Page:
So I’m on the back porch, chasing down the muse. Pen and pad in hand, I’m absorbed in my latest wip, when the wind suddenly rises through swaying trees. An updraft lifts a swarm of whirling maple seeds, and they come toward me like the helicopters in Apocalypse Now.
Nothing to fear. Just a “Fresh Breeze” on the Beaufort Scale.
Admiral Beaufort’s guide enabled British sailors to estimate wind speed from the sight, sound, and feel of the wind, but it’s also useful on land. A “Calm” wind with a speed of 0-1 is “like a mirror” at sea, while on land, “smoke rises vertically.” But if the sea shows “moderate waves with many white horses,” or if “small trees sway” on land, then it’s a “Fresh Breeze,” and the wind speed will be 19-24 miles per hour or 17-21 knots.
What makes the Beaufort Scale useful is that, like good writing, it uses sensory impressions to convey ideas. Cognitive scientists will tell you that abstractions are rooted in bodily sensations, but it’s still a challenge to present ideas in an engaging and entertaining way.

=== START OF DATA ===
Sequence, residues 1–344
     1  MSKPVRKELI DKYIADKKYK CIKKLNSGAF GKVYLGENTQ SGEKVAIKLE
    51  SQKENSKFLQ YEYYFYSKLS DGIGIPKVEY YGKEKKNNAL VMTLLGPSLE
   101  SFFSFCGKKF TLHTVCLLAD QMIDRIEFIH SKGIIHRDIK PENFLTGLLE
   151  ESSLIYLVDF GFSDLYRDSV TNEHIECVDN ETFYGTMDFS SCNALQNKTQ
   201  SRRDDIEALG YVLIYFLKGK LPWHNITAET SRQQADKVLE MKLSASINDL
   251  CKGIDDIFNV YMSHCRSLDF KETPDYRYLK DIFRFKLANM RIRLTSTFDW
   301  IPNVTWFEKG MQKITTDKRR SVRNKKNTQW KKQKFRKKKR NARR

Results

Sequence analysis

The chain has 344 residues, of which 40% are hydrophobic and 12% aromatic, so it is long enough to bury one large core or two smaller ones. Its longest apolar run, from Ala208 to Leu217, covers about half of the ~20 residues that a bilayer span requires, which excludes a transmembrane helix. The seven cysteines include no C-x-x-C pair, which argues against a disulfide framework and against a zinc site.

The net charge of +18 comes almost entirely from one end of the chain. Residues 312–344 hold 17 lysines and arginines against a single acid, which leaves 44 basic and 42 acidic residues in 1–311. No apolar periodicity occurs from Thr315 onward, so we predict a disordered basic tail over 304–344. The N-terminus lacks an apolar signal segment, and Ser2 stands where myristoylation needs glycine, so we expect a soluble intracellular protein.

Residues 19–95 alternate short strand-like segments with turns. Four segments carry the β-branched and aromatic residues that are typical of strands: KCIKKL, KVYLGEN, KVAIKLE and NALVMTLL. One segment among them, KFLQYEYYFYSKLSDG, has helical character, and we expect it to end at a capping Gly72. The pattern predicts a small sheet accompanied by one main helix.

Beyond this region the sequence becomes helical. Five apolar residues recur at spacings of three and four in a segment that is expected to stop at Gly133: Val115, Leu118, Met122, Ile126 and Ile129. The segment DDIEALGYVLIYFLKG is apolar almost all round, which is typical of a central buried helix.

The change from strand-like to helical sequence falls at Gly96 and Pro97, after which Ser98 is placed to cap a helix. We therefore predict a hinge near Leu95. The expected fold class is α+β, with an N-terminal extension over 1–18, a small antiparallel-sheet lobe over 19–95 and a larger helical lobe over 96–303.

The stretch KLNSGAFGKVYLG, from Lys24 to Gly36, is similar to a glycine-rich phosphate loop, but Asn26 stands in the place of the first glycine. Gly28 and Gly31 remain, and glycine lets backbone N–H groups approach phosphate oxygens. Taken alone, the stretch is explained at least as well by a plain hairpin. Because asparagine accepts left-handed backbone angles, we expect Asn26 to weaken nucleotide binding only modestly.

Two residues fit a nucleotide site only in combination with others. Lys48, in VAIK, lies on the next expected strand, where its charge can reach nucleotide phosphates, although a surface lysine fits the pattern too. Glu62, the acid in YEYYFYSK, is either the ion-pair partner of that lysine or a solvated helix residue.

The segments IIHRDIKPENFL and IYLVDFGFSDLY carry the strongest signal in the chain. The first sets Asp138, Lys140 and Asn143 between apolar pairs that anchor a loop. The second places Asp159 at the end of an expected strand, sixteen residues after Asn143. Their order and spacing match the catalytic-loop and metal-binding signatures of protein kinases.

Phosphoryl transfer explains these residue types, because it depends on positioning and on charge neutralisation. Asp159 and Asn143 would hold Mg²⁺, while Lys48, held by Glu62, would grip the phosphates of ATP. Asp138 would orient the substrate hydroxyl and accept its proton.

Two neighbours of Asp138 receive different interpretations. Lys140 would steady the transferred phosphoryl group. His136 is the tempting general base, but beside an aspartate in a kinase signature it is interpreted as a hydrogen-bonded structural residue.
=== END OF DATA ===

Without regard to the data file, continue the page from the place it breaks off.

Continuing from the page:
Horace Walpole, in a famous essay on his supernatural novel The Castle of Otranto, wrote:
“It was an attempt to blend the two kinds of romance, the ancient and the modern. In the former, all was imagination and improbability: in the latter, nature is always intended to be, and sometimes has been, copied with success. Invention has not been wanting; but the great resources of fancy have been dammed up, by a strict adherence to common life.”
The goal is to make the fantastic and improbable palpable and realistic. It’s not easy, but that’s the heart of the craft of writing, something you never really master, as Ernest Hemingway once observed. Of course, as the Stoics taught, life itself is a never-ending learning experience.